Rule 15(c)(1)(C) does not encompass just any mistake. It requires a mistake "concerning the proper party's identity" .... As a matter of plain language, this provision would appear to include only "wrong party" cases, and not "additional party" cases. This is because the "mistake" has to "concern[ ]" the "identity" of the "proper party [ ]." In an "additional party" case like this one, there generally will be no "mistake concerning" the proper party's "identity." The plaintiff has sued the right defendant, and simply neglected to sue another defendant who might also be liable. If the drafters of Rule 15 had meant to allow relation back in this situation, they could have easily done so.
Where a plaintiff has not mistakenly sued the wrong party, a court need not consider what a defendant knows and when the defendant knew it; the threshold requirement for Rule 15(c)(1)(C)-a "mistake concerning the proper party's identity"-has not been met.
In re Vitamin C Antitrust Litigation, ___ F.Supp.2d ___, 2013 WL 351896, at *3-4 (E.D.N.Y. 2014) (citing Fed.R.Civ.P. 15(c)(1)(C)); Turner v. Nicoletti, No. 12-1855, 2013 WL 3989071, at *3 (W.D. Pa. Aug. 2, 2013) (distinguishing Krupski and declining to grant relief under Rule 15(c) where "[p]laintiff did not identify the wrong parties... in his Complaint despite having sufficient information available to correctly identify them.... [Rather, plaintiff] has sued additional parties for additional and different reasons. ") (emphasis in original)).
In any case, even assuming the threshold requirement for examination under Rule 15(c) has been met, the court in In re Vitamin C Antitrust Litigation noted that "the most plaintiffs can say is that they were unaware of [the proposed defendant's] participation in the [allegations giving rise to the complaint] when they filed their first consolidated amended complaint.... In the Second Circuit, however, lack of knowledge does not constitute a mistake' for relation back purposes." ___ F.Supp.2d ___, 2014 WL 351896, at *4 (citing Barrow v. Wethersfield Police Dep't, 66 F.3d 466, 470 (2d Cir.1995)).
Here, Plaintiffs claim that they first learned the identity of five of the seven proposed defendants as a result of the August 23, 2012 deposition testimony of Defendant Haenal when five additional Fusion Wireless corporate entities were revealed. DE 106 at 3. Plaintiffs discovered the identity of the remaining two proposed defendants on April 30, 2013 when Plaintiffs performed a search of the New York State Division of Corporations public database and learned that Defendant Haenal filed Certificates of Incorporation for two previously undisclosed Fusion Wireless entities. Id. at 5. Plaintiffs' belated discoveries do not qualify as a mistake under Rule 15(c). Indeed, by acknowledging that they learned the identities of these corporate entities through the discovery process and upon their own investigation, Plaintiffs essentially concede that they "sued the right defendant[s], and simply neglected to sue other defendant[s] wh[ich] might also be liable." In re Vitamin C Antitrust Litigation, ___ F.Supp.2d ___, 2014 WL 351896, at *3. As the court in In re Vitamin C Antitrust Litigation explained, adopting Plaintiffs' theory of relation-back here would essentially eviscerate the statute of limitations requirements:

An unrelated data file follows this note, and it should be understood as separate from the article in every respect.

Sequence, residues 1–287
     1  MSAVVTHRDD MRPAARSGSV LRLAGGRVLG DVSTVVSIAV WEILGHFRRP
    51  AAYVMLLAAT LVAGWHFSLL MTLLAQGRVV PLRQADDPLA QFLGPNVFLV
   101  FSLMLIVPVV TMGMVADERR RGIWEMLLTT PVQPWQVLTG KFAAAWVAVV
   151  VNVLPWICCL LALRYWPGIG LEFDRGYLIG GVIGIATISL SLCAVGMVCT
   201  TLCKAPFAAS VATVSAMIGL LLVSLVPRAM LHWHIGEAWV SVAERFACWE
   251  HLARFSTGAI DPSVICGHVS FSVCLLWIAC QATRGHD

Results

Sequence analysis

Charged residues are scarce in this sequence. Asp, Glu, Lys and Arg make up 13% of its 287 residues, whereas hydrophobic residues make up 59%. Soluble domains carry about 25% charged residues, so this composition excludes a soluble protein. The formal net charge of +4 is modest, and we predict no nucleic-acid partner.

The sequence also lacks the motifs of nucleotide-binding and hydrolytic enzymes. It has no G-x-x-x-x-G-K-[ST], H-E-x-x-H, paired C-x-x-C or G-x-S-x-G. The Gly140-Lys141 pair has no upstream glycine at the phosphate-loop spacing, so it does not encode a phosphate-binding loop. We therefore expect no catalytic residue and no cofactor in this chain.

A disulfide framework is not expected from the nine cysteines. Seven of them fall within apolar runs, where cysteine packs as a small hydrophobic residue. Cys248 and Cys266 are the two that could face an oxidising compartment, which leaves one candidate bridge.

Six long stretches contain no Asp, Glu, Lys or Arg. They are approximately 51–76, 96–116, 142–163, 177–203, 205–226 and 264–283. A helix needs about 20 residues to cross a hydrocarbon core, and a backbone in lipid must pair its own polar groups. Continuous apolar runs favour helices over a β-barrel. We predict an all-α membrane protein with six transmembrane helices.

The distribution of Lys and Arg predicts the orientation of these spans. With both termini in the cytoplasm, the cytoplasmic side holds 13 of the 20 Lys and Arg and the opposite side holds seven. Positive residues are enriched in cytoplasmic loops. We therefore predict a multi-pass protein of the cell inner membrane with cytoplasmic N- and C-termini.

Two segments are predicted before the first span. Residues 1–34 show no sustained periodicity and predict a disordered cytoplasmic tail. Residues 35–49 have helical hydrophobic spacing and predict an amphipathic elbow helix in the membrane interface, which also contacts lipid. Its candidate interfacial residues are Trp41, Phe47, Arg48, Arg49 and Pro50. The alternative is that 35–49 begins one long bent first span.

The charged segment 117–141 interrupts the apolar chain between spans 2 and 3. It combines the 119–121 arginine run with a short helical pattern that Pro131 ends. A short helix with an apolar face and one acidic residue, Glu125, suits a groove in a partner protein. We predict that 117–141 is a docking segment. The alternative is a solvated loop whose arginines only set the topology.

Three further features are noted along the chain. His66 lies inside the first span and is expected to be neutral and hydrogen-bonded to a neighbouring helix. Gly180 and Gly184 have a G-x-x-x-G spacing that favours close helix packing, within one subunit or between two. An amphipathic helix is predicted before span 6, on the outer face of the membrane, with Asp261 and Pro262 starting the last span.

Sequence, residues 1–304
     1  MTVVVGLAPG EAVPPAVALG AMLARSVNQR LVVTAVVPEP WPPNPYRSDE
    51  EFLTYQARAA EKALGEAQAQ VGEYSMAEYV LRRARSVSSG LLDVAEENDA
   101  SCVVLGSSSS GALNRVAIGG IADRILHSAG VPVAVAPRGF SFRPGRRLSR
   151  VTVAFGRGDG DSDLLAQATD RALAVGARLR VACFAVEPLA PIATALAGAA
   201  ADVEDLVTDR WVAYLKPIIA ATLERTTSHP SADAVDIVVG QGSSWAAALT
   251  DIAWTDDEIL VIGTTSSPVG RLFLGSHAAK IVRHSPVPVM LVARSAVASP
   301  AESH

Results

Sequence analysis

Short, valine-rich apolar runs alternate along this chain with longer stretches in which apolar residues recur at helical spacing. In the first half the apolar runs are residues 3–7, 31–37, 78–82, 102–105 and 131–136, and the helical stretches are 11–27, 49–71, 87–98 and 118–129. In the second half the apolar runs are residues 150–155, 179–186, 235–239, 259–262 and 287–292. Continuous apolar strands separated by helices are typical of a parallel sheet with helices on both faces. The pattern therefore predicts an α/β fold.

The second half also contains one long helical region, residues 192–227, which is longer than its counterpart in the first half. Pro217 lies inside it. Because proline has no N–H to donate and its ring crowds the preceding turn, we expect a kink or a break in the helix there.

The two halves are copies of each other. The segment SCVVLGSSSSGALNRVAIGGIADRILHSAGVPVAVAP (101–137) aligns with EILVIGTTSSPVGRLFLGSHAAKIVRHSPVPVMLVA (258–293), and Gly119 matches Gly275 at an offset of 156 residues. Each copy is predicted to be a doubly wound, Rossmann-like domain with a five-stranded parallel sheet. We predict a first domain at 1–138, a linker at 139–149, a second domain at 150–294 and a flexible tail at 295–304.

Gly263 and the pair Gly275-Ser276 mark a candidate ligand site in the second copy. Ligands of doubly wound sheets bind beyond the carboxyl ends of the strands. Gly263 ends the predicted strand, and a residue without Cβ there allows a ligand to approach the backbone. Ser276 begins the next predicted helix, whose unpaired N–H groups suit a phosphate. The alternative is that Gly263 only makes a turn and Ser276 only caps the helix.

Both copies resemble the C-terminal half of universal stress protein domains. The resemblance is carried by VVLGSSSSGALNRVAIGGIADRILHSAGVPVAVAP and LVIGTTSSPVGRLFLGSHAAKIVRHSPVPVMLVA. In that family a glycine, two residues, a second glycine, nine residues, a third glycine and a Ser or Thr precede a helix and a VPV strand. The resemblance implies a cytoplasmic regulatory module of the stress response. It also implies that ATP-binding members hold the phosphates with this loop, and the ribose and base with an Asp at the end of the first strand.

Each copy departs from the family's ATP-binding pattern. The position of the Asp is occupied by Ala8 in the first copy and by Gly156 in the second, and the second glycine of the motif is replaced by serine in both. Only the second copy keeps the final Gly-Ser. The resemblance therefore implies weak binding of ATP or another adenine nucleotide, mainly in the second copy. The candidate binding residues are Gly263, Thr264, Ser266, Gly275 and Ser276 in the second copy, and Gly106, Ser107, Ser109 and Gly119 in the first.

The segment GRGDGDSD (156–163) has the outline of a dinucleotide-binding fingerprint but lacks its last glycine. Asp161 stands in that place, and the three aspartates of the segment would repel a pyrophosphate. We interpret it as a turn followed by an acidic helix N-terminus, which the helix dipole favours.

The theory upon which plaintiffs rely-that they were unaware of [the proposed defendant's] "role and status in the alleged conspiracy"-is a familiar one.... But the statute of limitations "is not tolled for a plaintiff's leisurely discovery of the full details of the alleged scheme." Glonti v. Stevenson, No. 08 cv 8960, 2009 WL 311293, at *10 (S.D.N.Y. Feb. 6, 2009). Adopting plaintiffs' expansive theory of relation back would gut the policies underlying periods of limitation, because filing a complaint would effectively become an indefinite toll of the statute of limitations against any defendants who learn of the action and who might also be liable for the conduct alleged, under the theory that those defendants "should have known" that the plaintiff had made a "mistake" in not suing them as well. Relation-back would swallow the general principles of statutes of limitations.
Id. at *5. Accordingly, the Court finds that Plaintiffs' lack of knowledge as to the identity of the proposed defendants does not satisfy the third prong of the Rule 15(c) analysis, i.e., the requirement that the proposed defendants should have known they would be named as defendants but for a mistake.
Plaintiffs, however, present an alternative argument as to why their proposed amendment is not futile. Relying on Addison v. Reitman Blactop, Inc., 283 F.R.D. 74 (E.D.N.Y. 2011), Plaintiffs contend that because the proposed Amended Complaint alleges that all of the Fusion Wireless entities - Defendants and the proposed defendants - together constitute a single employer, the proposed defendants ...